"Here, the volume management information may include in addition to the file allocation table, a master boot record, a partition table, partition boot sector information, and a root directory entry. Furthermore, the recording unit records the master boot record and the partition table in a first sector of the first area, skips a predetermined number of sectors and then records the partition boot sector information, the file allocation table, and the root directory entry in subsequent sectors. As a result, an end of the first area can be aligned with an end of the root directory entry. The number of sectors between the master boot record showing the start of the drive, and the partition boot sector showing the front of the partition area, can be adjusted, so the volume management information can be restricted to a first area formed from m clusters, and compatibility with devices that use a FAT file system preserved.

"Here, the calculation unit may calculate a sum SUM by totaling a number of sectors used to record the partition boot sector information, the file allocation table, and the root directory entry. The reserving unit reserves the first area by calculating the value of m based on an {equation 1} NOM+SUM.apprxeq.2.sup.j.times.m. Here, NOM is a number of sectors.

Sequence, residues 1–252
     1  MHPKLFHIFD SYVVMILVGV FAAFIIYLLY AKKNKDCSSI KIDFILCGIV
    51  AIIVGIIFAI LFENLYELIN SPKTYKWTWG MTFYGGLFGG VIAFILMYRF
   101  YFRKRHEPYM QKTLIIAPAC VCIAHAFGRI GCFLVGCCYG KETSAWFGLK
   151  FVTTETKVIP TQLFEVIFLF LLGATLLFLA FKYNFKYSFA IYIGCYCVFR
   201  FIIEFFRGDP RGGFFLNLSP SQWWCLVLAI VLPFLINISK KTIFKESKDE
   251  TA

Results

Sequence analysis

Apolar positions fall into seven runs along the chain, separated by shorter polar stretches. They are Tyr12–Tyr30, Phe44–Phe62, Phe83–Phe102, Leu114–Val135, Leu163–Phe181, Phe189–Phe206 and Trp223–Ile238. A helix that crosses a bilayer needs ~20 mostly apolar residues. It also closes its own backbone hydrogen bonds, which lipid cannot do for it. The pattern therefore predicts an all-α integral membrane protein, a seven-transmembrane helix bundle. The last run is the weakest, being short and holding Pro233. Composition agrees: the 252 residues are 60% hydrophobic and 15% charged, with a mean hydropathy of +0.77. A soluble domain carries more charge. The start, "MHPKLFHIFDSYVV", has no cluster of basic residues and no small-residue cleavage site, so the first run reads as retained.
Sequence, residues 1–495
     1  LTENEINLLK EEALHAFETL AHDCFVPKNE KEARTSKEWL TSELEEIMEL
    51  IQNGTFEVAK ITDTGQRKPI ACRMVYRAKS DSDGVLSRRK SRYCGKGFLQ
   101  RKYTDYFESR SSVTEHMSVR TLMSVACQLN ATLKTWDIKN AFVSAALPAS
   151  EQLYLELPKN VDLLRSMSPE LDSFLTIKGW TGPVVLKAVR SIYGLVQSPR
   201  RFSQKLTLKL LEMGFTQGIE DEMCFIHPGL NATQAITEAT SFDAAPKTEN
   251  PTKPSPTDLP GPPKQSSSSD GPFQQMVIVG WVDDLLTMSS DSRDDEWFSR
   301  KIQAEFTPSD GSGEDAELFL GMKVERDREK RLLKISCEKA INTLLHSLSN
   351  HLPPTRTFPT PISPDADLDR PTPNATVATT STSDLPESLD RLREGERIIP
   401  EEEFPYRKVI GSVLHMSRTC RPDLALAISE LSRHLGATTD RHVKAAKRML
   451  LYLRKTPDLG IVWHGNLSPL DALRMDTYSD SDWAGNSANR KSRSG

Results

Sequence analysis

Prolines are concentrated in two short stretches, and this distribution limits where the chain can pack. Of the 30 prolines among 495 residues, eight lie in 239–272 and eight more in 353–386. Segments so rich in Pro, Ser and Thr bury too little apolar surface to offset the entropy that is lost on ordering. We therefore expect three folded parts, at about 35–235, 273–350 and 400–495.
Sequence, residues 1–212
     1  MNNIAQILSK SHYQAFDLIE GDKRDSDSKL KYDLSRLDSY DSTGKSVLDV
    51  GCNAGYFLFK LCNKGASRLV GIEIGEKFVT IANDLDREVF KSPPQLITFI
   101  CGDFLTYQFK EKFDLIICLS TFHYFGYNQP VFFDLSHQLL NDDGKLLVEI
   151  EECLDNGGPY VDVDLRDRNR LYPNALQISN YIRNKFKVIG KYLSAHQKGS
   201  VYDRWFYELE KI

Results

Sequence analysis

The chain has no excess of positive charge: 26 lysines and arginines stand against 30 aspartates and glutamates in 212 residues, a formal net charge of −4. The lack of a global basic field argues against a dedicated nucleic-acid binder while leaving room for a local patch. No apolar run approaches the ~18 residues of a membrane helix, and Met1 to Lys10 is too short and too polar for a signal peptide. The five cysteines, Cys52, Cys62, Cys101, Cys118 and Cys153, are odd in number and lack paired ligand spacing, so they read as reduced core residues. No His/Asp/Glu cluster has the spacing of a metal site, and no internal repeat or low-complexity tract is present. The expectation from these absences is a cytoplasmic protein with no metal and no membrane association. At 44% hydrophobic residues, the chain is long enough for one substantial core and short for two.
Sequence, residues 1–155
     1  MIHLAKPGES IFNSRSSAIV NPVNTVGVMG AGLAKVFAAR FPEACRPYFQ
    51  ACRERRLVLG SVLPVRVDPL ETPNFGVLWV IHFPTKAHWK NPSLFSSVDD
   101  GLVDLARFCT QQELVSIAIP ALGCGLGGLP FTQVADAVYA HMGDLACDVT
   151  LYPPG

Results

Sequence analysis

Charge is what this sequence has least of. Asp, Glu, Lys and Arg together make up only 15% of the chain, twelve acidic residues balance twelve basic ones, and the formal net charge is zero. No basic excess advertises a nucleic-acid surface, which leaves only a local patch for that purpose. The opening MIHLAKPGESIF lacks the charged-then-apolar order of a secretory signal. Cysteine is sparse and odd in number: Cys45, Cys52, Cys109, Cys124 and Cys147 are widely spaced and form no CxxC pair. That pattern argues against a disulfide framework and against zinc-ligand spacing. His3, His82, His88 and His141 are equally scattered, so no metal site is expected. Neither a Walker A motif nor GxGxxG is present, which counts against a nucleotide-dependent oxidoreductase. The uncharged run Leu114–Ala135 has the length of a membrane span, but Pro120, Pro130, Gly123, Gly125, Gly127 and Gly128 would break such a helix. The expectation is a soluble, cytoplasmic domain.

"The recording unit calculates the predetermined number of sectors by subtracting 1 from the number of sectors NOM. Even if the size of the file allocation table changes, a first area which is larger than the size of the volume management information and is an integral multiple of erasable block size is reserved. As a result, a necessary minimum size for the first area can be reserved, no matter how the size of the file allocation table is calculated.

"Here, the recording unit may set the predetermined number of sectors in the partition table recording the volume management information. In this structure, even if the size of the first area changes, causing the start address of the second area to change, a number of sectors, obtained by subtracting 1 from the number of sectors NOM, is set in the partition table, so the access apparatus can access the user area accurately by referring to the partition table."

For more information, see this patent: Maeda, Takuji; Hirota, Teruto. Semiconductor Memory Card Access Apparatus, a Computer-Readable Recording Medium, an Initialization Method, and a Semiconductor Memory Card. U.S. Patent Number 8751734, filed May 21, 2013, and published online on June 10, 2014. Patent URL: http://patft.uspto.gov/netacgi/nph-Parser?Sect1=PTO1&Sect2=HITOFF&d=PALL&p=1&u=%2Fnetahtml%2FPTO%2Fsrchnum.htm&r=1&f=G&l=50&s1=8751734.PN.&OS=PN/8751734RS=PN/8751734

Keywords for this news article include: Electronics, Semiconductor, Panasonic Corporation.

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Source: Electronics Newsweekly